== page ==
Thursday, February 17, 2011

The Asberry Acres Homestead

What I Have to Work with
Last summer, I purchased a property with an acre and a half of land with a house built in the late 1800s. The house was the original homestead for the family that owns the several hundred acres surrounding me and was moved from the original location to a corner plot that had been industrially farmed. A big bonus of the house being moved is that it sits on a brand new, well constructed foundation with a big crawl space! Unfortunately, with the house being so old and the previous owner (not from the family that built the home) having treated it so poorly, I've had to spend significant amounts of money for repairs and remodeling.
The Land

Predictably, the soil is compacted, has no structure, contains few microorganisms and is likely devoid of key nutrients and minerals. About an acre of the land is overgrown with weeds and has undegradable remnants in 2 or maybe 3 burn piles. The half acre immediately surrounding the house, shed and driveway has a couple ornamental bushes and trees and one undetermined species of oak. The land is extremely flat and has tiling running through it so that water won't pool. The nearest stand of trees is at least a half mile away and there are very few stands in a 5 mile radius. The good news about that is I've not seen the first deer and won't likely have problems with them until after the forest garden is solidly established. The downside is that the wind can be brutal.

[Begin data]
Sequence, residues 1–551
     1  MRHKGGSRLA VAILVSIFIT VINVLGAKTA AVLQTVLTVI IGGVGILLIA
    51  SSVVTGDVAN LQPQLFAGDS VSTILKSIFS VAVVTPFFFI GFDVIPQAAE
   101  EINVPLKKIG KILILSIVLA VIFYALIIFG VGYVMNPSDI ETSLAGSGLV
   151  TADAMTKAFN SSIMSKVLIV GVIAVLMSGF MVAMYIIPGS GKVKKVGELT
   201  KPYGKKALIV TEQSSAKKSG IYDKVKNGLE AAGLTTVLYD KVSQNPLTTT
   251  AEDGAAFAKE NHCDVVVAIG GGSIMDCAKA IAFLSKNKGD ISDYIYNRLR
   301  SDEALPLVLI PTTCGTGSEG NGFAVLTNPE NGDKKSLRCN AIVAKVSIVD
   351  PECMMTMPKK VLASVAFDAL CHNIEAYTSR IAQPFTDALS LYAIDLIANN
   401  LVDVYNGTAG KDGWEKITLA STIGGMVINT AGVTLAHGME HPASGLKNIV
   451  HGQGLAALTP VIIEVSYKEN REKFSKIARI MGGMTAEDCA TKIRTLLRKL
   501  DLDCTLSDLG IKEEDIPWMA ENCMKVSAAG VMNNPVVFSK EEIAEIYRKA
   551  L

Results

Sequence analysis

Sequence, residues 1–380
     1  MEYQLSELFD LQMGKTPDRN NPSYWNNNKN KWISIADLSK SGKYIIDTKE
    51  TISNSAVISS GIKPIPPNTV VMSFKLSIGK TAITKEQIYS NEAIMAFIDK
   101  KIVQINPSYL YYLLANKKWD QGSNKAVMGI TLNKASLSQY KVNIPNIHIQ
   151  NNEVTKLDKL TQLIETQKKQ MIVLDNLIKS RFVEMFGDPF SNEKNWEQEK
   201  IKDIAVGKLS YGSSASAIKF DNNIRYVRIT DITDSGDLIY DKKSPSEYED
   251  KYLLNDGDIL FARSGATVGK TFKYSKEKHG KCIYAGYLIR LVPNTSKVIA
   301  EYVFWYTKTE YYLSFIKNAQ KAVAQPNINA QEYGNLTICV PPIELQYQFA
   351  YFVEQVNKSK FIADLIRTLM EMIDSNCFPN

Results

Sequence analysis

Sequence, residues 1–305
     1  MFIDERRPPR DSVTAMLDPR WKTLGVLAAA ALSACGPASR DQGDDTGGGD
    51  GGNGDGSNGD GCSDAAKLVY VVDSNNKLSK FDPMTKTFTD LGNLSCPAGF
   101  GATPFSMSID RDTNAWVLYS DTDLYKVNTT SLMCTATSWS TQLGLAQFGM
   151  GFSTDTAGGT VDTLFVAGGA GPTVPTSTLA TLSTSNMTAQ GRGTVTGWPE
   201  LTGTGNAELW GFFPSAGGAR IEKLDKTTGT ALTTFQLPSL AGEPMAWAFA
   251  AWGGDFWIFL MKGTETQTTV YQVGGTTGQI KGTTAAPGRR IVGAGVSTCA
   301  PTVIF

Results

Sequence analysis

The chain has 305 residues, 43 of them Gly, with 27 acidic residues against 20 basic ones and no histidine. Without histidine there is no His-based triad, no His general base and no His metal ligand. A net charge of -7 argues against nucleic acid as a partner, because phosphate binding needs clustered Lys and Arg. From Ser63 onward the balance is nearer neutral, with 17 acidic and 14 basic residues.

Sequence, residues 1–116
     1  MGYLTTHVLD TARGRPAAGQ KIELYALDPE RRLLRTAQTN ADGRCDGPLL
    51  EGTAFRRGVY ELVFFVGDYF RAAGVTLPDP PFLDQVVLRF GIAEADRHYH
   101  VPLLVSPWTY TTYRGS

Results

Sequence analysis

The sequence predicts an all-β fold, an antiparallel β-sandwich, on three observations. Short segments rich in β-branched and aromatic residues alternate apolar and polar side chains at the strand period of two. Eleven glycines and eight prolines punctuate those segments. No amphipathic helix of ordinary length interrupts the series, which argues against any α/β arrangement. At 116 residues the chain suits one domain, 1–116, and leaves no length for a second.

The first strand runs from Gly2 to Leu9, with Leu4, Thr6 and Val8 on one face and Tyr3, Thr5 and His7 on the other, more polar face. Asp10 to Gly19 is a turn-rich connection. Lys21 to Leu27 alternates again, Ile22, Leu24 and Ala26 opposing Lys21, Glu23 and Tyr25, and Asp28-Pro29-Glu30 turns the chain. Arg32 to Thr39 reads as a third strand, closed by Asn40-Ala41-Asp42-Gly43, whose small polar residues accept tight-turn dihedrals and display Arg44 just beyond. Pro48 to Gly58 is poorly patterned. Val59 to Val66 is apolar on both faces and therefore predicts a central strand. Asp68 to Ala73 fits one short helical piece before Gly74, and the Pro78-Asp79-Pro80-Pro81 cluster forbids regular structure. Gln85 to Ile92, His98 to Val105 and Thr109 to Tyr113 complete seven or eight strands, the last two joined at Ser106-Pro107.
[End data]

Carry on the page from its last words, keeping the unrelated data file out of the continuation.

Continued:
With the house having been moved, a new well was dug and placed safely away from the septic system. The water was tested and doesn't have any large particles or serious contamination but is, as expected, hard. It tastes quite good. Neither the house nor the shed has adequate water runoff drains. The nearest waterway is about a half mile away and was recently redirected to support the industrial farms it runs through. The nearest rivers are the Salamonie and the Wabash and both are approximately 5 miles away. The Salamonie Reservoir is about 10 miles away.
The septic system is very high quality, made of pre-cast concrete and placed well away from the house according to modern building code.
The house has electrical service, is directly across the road from a local telephone company's CO, and has a large propane tank for heating and cooking. Verizon is the only wireless service provider with 3G coverage and I get a nice signal thanks to the nearby tower next to the interstate.
I'm within walking distance (well bike riding distance) of a really cute, old town that has no strip malls. It has a great little bike shop, too! The downside is that the nearest grocery store is about 15 miles away.
90% of the wind and storms come in from due west. I'm still within tornado alley, but near the northernmost extent of it. The winter temperatures can easily (and have) reach subzero Fahrenheit while the summer temps easily get hotter than 90° F. Summer humidity easily exceeds 70% and frequently reaches 90%. Over the last week, we've experienced a 70° temperature differential. So, although I'm solidly in zone 5, cold and frost sensitive plants are at risk of weather damage.
I love it! The house is solidly built and will be around for at least another 100 years. The land also presents a great opportunity for remediation. And finally, the community is just  the right size and just the right distance from large urban centers. Hopefully, I'll even have an opportunity to introduce new genetic material to the area and get local families interested in permaculture!

Tomorrow I'll post and discuss the site plan.